3. Sausage, mushroom and tomato – gf sausages cooked in the tin and mushrooms and tomatoes added. When all cooked add egg mixture.

I have also served up my eggy combinations as breakfast muffins – all ingredients mixed together and baked in muffin tins – bacon rashers cooked first and chopped in to pieces and added to egg mixture, spinach and black pepper.

Serving suggestion – grilled plum tomatoes, avocado and hot buttered toast.

Breakfast muffin (gluten free)

One of my daughters is always dashing around, frequently doesn’t have breakfast and often ‘picks something up’ on the way in to work when she gets her daily caffeine hit.

I know you can buy breakfast bars etc. but when I have looked at the ingredients I can’t really say I would want to start my day in this way.

So, I had a session experimenting at the weekend and created a muffin – full of breakfast  ingredients. Tasty, filling and nutritious.

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Makes 9

Preheat oven to 180c / Gas 4       Lightly grease a muffin tin

Ingredients:

1 cup of rolled oats      1 cup of milk           2 eggs (1 if using non gf flour)

1 cup of gf plain flour    1tsp baking powder   1 tsp baking soda

1/4 cup coconut sugar / muscavado sugar       1/2 cup stewed apple    1/2 cup raisins

Method:

Put the oats, milk and eggs in a bowl. Stir in the flour, baking powder and baking soda. Finally add the sugar, apple and raisins. Spoon into muffin tins and bake for 15 – 20 minutes.

I served them with Greek yoghurt and a dollop of apples sauce.

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…my daughter took a couple to test – had them for ‘breakfast on the go’ – thumbs up from her 🙂

What to do with some much produce…apple, honey and rosemary jam 

I first tasted this delicious combination at a friend’s house a couple of years ago. Whenever they visited some friends in France they would come back with a jar of loveliness called: Confiture de pommes au romarin et au miel de montagne. I acquired a recipe and then promptly forgot about it until recently. Recipe translated and tweaked resulted in 5 jars of apple, honey and rosemary jam in my kitchen yesterday. I resisted the urge to taste it until today to allow the rosemary to infuse the jam…delicious.

This is what I did:

Ingredients:

2kg of cooking apples – peeled, cored and chopped in to small pieces (pips saved)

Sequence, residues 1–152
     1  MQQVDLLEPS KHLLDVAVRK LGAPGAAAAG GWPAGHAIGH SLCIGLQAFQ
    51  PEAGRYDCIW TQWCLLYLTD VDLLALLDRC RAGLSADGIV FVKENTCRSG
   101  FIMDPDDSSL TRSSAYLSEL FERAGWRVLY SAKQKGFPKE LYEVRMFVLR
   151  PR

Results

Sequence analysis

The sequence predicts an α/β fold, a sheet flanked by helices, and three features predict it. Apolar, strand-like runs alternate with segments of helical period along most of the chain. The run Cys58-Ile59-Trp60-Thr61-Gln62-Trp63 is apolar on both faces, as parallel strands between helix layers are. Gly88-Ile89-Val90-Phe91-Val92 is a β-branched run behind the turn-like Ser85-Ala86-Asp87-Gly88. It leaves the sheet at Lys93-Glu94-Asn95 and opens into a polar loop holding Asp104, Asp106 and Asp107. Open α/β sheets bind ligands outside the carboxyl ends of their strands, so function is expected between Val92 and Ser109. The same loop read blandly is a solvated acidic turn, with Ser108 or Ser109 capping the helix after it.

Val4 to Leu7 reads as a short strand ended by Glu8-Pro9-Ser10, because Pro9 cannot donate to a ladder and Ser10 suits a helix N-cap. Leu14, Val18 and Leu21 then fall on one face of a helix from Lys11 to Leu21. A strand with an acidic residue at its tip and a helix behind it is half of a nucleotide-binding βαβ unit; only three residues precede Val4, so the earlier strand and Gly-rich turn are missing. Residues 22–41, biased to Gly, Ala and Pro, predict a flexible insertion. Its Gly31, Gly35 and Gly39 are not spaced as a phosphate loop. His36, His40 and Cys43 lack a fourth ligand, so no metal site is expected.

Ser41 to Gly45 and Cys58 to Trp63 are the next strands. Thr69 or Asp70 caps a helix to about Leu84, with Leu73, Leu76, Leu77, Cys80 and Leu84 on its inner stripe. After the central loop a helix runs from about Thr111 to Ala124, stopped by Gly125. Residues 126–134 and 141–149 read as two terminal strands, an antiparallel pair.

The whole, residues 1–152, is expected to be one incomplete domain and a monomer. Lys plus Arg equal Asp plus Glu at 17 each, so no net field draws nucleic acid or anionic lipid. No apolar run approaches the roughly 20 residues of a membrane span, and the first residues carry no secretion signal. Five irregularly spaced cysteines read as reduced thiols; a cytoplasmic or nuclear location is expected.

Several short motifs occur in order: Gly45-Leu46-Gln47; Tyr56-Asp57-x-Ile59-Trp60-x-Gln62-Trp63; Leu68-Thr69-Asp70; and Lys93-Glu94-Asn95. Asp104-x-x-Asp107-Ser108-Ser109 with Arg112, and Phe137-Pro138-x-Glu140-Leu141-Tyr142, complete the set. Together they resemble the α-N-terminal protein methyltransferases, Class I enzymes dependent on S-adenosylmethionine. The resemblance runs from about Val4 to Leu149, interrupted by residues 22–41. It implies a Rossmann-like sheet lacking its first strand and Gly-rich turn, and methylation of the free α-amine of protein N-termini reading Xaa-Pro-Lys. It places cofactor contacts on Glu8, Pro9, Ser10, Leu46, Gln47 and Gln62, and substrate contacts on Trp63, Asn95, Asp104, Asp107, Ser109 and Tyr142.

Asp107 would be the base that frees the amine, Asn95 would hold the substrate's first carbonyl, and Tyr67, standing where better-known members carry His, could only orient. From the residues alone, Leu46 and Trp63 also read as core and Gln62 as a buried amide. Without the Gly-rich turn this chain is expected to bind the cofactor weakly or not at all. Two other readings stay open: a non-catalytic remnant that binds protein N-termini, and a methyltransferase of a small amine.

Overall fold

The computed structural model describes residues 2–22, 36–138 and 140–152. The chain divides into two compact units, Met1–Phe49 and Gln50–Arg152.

100g sugar

250g honey – I used set

Juice of 3 lemons – keep pips

20 ml of water.

Rosemary sprigs – washed and dried

Method:

Put the sugar, water, lemon juice and honey in a large pan and bring to the boil – stirring frequently. Put the apple pieces in to the syrup mixture along with the apple and lemon pips wrapped in a piece of gauze. Bring back to the boil and simmer gently for about 15 minutes or until the apples are soft. Remove from heat and mash about half of the apple mixture down – I used a potato masher. Put back on the heat and simmer for anohter 5 – 10 mins.  Put in to prepared jam jars and push a sprig of rosemary in to the mixture ahead of sealing the jar.

I have no idea how long this will store  – probably quite irrelevant as one jar has nearly gone already. I didn’t treat this like an ordinary jam, cheese or jelly in that a setting point wasn’t reached. The consistency is of a very, very thick sauce. Delicious on toast but I would imagine equally scrumptious with pork or game.

Is 3 the magic number?

The other day I fancied a super speedy breakfast – in truth I couldn’t be bothered to put much effort in! So, 3 minutes later I was chomping on a piece of gluten-free toast slathered (such an onomatopoeic word) in crunchy peanut butter and topped with slices of banana.Delicious.IMG_20160812_100340My caption within my IG post stated, ‘Two’s company but in this case three is definitely not a crowd.’ This got me thinking… I often eat a combination of 3 flavours without thinking about it.

This morning I had a kefir, coconut and maca smoothie. Yesterday’s lunch for my hubby – quail eggs and bacon on gf toast. The day before…avocado, scrambled eggs and oatcakes.  Don’t worry I’m not going to list all my meals over the last month. But, when I look back over my IG account over 50% (always like a statistic) of my meals are a 3 flavour combination.

I started to think about old childhood favourites …fish, chips and mushy peas, beans on toast with grated cheese on top…ooh…choux pastry, cream (i.e. profiteroles) and chocolate sauce.

I have just looked up from typing at my cookbook selection and there on the shelves is Three Good Things by Hugh Fearnley-Whittingstall.

Not sure whether I feel a challenge coming on…would I have to count spices and seasoning as one of my three?

Another winning combination – smoked salmon, lemon juice and bread. Must stop||

It does make me wonder though how much we complicate things – do we need to combine so many flavours in one dish or do we actually savour simple, more?

Love to know your thoughts and your favourite combinations of 3.